On December 20, 2022, the Minister of the Environment’s Single-Use Plastics Prohibition Regulations officially came into force in Canada. To allow businesses to adapt to the changes, several provisions of these broad regulations will be phased in by December 20, 2025. Any business that manufactures, imports, or sells (including for free) any of the six single-use plastic items listed below is subject to the Regulation.
As of December 20, 2022, the Regulations prohibit the manufacture and importation for sale in Canada of “checkout bags”, “cutlery”, “foodservice ware”, “stir sticks”, and “straws”. The main characteristics of these items must be that they are plastic and single-use. “Plastic beverage container rings” will be prohibited from manufacture and importation for sale in Canada as of June 20, 2023. Therefore, if Border Services Officers are of the opinion that these single-use plastic products are reasonably imported for sale in Canada, they may be detained or confiscated at the border.
As of December 20, 2023, the Regulations will completely prohibit the sale of these items across Canada. Companies must therefore examine their supply chains to identify suppliers who can produce or import similar items that are no longer made entirely or partially of plastic. According to the Regulatory Impact Analysis Statement, Canadian plastics manufacturing (including single-use plastics and durable goods) accounted for $25 billion in sales in 2017. Plastics manufacturing establishments were primarily located in Ontario (44%) and in Quebec (28%). Canadian plastic manufacturers met about 50% of domestic demand, while imports met the remaining 50%.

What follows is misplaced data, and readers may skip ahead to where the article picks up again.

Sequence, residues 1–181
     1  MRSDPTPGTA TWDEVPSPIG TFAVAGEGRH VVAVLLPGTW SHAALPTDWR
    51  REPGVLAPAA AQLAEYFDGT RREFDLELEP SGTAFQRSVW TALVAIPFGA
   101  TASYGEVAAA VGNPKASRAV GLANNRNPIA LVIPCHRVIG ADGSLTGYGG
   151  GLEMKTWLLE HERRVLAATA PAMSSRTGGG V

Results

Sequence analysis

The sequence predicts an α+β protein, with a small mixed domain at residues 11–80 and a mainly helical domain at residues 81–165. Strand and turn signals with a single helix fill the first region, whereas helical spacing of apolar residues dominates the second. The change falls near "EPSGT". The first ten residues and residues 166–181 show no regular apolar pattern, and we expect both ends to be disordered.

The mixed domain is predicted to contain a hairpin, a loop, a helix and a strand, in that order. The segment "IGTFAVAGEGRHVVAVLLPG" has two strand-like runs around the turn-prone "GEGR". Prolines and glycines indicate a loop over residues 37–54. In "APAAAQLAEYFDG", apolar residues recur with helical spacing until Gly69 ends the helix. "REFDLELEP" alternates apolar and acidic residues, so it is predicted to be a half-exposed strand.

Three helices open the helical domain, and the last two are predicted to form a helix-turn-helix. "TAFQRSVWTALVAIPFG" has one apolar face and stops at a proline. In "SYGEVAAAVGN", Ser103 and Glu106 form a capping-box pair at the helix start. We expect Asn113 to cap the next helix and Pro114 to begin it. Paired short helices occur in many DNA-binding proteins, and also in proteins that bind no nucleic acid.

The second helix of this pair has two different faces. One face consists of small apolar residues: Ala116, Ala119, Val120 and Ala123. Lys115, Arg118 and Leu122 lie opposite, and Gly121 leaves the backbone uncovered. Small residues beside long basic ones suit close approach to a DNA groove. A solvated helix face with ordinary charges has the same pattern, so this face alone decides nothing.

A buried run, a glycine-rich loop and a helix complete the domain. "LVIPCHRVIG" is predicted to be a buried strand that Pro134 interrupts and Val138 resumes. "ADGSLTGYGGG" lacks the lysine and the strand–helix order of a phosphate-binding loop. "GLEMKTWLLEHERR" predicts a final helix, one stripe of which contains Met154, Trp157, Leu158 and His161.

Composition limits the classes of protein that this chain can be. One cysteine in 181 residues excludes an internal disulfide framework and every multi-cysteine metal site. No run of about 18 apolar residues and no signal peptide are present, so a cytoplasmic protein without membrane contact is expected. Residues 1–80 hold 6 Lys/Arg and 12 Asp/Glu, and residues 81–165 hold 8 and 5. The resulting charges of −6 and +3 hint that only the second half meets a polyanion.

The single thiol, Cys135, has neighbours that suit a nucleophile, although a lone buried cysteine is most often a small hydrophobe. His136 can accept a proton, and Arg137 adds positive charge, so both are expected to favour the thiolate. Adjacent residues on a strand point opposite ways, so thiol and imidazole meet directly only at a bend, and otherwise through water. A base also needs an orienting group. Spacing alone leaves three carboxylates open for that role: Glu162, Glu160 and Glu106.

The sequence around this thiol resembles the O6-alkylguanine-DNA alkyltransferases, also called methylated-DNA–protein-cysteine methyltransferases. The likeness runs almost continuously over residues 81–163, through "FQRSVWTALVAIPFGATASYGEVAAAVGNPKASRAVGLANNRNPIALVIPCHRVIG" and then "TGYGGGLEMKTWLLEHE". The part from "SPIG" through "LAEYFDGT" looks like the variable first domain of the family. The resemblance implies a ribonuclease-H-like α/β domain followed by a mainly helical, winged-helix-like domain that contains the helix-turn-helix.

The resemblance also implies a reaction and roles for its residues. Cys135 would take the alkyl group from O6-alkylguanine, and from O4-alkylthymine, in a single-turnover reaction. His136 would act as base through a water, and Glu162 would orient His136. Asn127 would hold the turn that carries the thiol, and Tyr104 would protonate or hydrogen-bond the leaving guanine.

Note that single-use plastic flexible straw are provided a series of exemptions. In particular, a retail store will be permitted to sell single-use flexible plastic straws to a customer provided that (i) the straw “is packaged together with a beverage container” and that ii) “the packaging was done at a location other than the retail store”. It will also be permitted to sell single-use flexible plastic straws in a non-commercial, non-industrial and non-institutional context.
As of December 20, 2025, Canada will prohibit the manufacture, import and sale for export of the six items listed above. Plastic manufactured items will be added at that time to the Export control list of the Canadian Environmental Protection Act and therefore officially prohibited from export. Exports from Canada of the listed items could be detained or confiscated at the border by border services officers.
Finally, any person who manufactures for export or imports for export must keep a record. The Single-Use Plastics Prohibition Regulations require that the information and documents recorded in the registry be kept for a period of 5 years and that the registry be kept in Canada so that it can be inspected immediately upon request by the Border Services Agency, the Department of the Environment or Health Canada. This record keeping requirement helps to ensure that these single-use plastic items do not end up in the Canadian marketplace where they would be banned.